Later, stories of an alleged romantic relationship with Kanye were published. MediaTakeOut ran a story with the headline: “OUT???? Kanye West Has A Very INTIMATE Friendship...With A 20 Year Old BOY!!!” The website claimed to have “some BLOCKBUSTER NEWS about Kanye West” and that IvyGate “has discovered some CRAZY details about the new man in Kanye West’s life—his...errr STYLIST and LIFE COACH!!!” Vice also published a story with the more direct headline “Did Kanye West Fuck Cassius Clay.” (That article has since been taken down.) Cassius refutes all of this. “The thing is, someone writes something like that and suddenly I’m a 19-year-old boy figuring out who I am, and that’s in the newspaper.”

Then in January 2014,Daily Mail wrote that Cassius was Kim Kardashian’s “booty tailor” who was being paid £3,000 a day to alter her jeans. Cassius first addressed the rumor that same month, tweeting a quote from the story to indicate the absurdity of it all. “I’ve never met Kim Kardashian,” he says today.

The media wanted a piece of him, but he wanted none of the attention. “I think there was just a kind of readiness to drum up titillating stories about me,” he adds. “I was 19 years old, never asked to be put in the spotlight, and truthfully, you know, I’m not Kanye West. I’m not a public figure. I was just a sort of private, really young person trying to do a job.”

He was contacted for interviews and was even offered a TV show that was about, as Cassius describes it, “the spoiled kid with this weird, bizarre job.” But he turned all of it down. “I found it quite foreign to my goals of working in a serious way and producing a serious analysis.”

When he returned to Yale at the end of 2010, Cassius admits there were difficult social adjustments. “I did feel alienated at times and I think part of that was due to the, um, I mean frankly, the quite venomous coverage that I think it had initially.” He backtracks a little: “Maybe venomous is the wrong word, but there was a kind of meanness to it.”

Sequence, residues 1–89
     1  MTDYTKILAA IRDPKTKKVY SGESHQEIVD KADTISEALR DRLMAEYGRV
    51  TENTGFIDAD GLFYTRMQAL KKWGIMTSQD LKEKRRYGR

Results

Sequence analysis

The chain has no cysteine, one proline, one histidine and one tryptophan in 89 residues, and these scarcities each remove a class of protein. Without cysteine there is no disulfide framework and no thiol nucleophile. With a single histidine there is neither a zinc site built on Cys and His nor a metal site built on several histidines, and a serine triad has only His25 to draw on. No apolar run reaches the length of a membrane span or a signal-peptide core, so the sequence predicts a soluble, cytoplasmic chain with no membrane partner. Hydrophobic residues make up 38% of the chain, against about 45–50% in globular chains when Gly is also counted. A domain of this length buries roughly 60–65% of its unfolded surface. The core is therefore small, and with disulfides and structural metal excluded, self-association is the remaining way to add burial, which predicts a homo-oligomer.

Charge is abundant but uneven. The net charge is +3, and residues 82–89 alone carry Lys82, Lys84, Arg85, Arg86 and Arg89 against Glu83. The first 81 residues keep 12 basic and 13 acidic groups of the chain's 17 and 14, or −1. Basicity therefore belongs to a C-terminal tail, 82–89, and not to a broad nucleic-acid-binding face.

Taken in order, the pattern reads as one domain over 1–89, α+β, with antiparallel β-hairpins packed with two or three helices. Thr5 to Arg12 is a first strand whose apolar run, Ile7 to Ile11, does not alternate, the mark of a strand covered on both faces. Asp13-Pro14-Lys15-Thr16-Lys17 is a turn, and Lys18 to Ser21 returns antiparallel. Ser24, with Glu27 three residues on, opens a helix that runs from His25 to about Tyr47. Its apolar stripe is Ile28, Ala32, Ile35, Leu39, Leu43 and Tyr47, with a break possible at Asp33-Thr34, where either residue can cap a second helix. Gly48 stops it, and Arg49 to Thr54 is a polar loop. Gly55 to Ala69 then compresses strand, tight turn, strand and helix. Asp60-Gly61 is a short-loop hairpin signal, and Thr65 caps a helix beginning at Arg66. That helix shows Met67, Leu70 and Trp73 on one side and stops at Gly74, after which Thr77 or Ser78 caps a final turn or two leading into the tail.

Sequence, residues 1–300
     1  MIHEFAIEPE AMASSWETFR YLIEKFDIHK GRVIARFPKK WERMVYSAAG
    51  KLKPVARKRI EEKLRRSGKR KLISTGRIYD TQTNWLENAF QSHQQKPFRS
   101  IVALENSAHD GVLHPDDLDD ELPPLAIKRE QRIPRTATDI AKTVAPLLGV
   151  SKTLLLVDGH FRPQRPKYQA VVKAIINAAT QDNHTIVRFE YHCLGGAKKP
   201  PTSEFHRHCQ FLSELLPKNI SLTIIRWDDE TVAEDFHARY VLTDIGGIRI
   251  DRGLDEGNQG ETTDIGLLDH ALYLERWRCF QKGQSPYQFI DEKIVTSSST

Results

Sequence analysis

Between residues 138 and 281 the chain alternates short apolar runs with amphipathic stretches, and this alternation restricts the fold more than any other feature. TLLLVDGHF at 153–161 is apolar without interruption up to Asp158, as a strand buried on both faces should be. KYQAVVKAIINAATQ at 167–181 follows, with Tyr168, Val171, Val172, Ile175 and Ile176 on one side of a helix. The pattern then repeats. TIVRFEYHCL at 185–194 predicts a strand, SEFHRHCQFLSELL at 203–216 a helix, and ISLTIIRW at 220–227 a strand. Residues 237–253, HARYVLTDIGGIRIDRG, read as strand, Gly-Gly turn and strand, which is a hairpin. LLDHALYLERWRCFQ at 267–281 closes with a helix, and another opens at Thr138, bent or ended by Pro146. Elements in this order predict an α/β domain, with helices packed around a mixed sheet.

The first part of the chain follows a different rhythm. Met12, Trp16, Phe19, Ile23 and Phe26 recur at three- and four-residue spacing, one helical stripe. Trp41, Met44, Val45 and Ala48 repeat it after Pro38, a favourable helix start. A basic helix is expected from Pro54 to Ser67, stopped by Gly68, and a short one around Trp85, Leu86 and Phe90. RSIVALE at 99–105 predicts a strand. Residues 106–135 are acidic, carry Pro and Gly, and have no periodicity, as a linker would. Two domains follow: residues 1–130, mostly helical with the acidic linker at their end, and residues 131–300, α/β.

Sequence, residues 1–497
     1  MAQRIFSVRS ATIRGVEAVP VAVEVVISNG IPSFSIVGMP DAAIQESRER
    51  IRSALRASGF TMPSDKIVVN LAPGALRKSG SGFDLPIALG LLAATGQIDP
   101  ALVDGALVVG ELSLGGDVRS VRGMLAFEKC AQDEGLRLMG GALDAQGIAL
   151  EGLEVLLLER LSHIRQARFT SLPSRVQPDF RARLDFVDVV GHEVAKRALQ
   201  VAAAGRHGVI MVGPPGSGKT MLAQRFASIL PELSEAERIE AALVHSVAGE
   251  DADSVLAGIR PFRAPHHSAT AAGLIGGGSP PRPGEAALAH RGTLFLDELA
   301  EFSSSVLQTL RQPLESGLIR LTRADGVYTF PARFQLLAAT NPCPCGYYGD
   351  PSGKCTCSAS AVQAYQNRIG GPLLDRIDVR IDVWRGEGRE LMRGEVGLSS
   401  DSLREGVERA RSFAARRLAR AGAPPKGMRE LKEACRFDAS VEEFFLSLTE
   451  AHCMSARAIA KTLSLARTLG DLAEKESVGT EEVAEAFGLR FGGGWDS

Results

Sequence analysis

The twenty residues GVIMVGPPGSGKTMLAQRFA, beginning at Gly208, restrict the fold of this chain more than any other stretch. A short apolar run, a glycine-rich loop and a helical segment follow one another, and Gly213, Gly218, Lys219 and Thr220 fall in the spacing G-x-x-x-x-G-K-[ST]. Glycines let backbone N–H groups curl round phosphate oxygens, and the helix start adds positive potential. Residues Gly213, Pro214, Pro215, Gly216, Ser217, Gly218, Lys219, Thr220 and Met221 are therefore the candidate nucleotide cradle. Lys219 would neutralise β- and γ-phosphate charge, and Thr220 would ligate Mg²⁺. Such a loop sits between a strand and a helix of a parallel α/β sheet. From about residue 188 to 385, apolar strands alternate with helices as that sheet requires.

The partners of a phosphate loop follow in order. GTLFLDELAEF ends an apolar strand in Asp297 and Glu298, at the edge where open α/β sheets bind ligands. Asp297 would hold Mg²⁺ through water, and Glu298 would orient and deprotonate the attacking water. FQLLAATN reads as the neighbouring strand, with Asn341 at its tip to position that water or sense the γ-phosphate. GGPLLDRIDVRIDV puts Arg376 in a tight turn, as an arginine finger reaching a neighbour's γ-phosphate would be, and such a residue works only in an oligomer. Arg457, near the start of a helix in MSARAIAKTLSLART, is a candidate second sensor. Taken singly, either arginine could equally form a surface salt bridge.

Jack Dickey, Cassius’ high school roommate and one of his closest friends, says that Cassius didn’t work for Kanye for the opportunity to hobnob with celebrities. “Cassius is the kind of person who really likes academics, and he took this job because it was a chance to do something he would probably not get to do again, especially since that phase of Kanye was a really cool phase. But he wasn’t using it as a stepping stone to anything. I think he was just like, ‘Well, I’ll do this and then go back to school when I’m done.’” But, he adds, Cassius wasn’t as enamored of Yale when he returned. “When you’re some sort of a campus celebrity, and not just a campus celebrity but someone who people are making a lot of assumption about who you are and what your motivations for taking the job are, of course you’d feel weird coming back to a place like that.”

“Ultimately, I think I made the right decision. But, yeah, of course I wonder.”

Nicolas Mora, one of Cassius’ college friends, says students either wanted to be Cassius’ friend or abhorred him for taking time off school to work for Kanye. “Some were envious, some were confused,” he says. “It’s not common for a student of art history at Yale to take a year off to go work for one of the biggest stars in the world.” He doesn’t think Cassius has changed but the negative attention certainly had an effect on him. “In the way he would talk about it, I think he was definitely hurt. He was hurt for sure by the way some people at school reacted to his decision to go and to come back.”

Cassius isn’t like the 19-year-old who once worked for Kanye. He’s six years older. He lives in an art deco-style flat with butterfly taxidermies as decoration in London. He’s finishing his PhD in History of Art at the University of Cambridge, and spends most of his time in libraries. He hasn’t spoken to Kanye in years.

His focus now is on balancing his academic work with interests in art and fashion. When he’s not working tirelessly on his PhD, he contributes to Suitcase and Near East magazine and assists friends who are stylists.

When I ask why he stopped working for Kanye, he’ll only point to his education. He says he’d earned enough credits to accelerate by a semester and graduate with his class. “It just sort of seemed like a good moment for me to return… It felt like a kind of natural end to one chapter, and I genuinely felt like I had learned a lot.” He insists the negative attention from the media, the rumors, or the alienation from classmates were non-factors in his decision. “I think by December those stories had already receded into memory,” he says. “Public attention shifts quickly and I wasn’t courting it.”

But does Cassius ever regret his decision? “I think about things in the abstract enough to have thought about that decision to go back. Maybe I should have stuck it out. Maybe I should have tried to run into fashion with the real kind of career opportunities that it opened up because in some ways, as valuable as a Yale and Cambridge education is, it’s not necessary to a lot of careers in fashion. There’s lots of talented people working in fashion without those degrees.”

“Ultimately, I think I made the right decision. But, yeah, of course I wonder.”